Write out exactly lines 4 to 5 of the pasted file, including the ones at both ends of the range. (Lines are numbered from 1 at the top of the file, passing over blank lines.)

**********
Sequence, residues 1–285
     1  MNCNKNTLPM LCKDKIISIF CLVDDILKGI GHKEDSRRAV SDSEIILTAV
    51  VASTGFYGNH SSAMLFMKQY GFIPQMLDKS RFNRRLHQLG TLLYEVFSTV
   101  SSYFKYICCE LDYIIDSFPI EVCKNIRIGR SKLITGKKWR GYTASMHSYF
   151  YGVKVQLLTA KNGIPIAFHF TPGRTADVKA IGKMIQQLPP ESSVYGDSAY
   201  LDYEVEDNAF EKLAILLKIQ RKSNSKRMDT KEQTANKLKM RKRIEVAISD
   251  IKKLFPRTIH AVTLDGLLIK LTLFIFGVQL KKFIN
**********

   101  SSYFKYICCE LDYIIDSFPI EVCKNIRIGR SKLITGKKWR GYTASMHSYF
   151  YGVKVQLLTA KNGIPIAFHF TPGRTADVKA IGKMIQQLPP ESSVYGDSAY